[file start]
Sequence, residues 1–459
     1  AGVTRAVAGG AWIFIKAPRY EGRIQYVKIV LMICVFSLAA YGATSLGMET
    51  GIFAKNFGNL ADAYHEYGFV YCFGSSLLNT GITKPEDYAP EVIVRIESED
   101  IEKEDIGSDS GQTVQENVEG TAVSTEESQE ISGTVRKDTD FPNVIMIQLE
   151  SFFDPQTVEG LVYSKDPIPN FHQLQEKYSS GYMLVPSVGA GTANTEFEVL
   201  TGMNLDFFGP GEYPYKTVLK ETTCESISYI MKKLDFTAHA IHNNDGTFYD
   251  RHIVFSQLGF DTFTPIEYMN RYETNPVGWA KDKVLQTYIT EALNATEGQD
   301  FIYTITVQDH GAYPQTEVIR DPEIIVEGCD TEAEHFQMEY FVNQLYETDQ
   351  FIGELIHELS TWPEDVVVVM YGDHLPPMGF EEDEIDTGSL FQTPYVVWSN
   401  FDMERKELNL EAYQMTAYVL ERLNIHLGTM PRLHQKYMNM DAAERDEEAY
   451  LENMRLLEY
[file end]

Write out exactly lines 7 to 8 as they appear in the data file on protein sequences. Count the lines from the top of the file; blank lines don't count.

   251  RHIVFSQLGF DTFTPIEYMN RYETNPVGWA KDKVLQTYIT EALNATEGQD
   301  FIYTITVQDH GAYPQTEVIR DPEIIVEGCD TEAEHFQMEY FVNQLYETDQ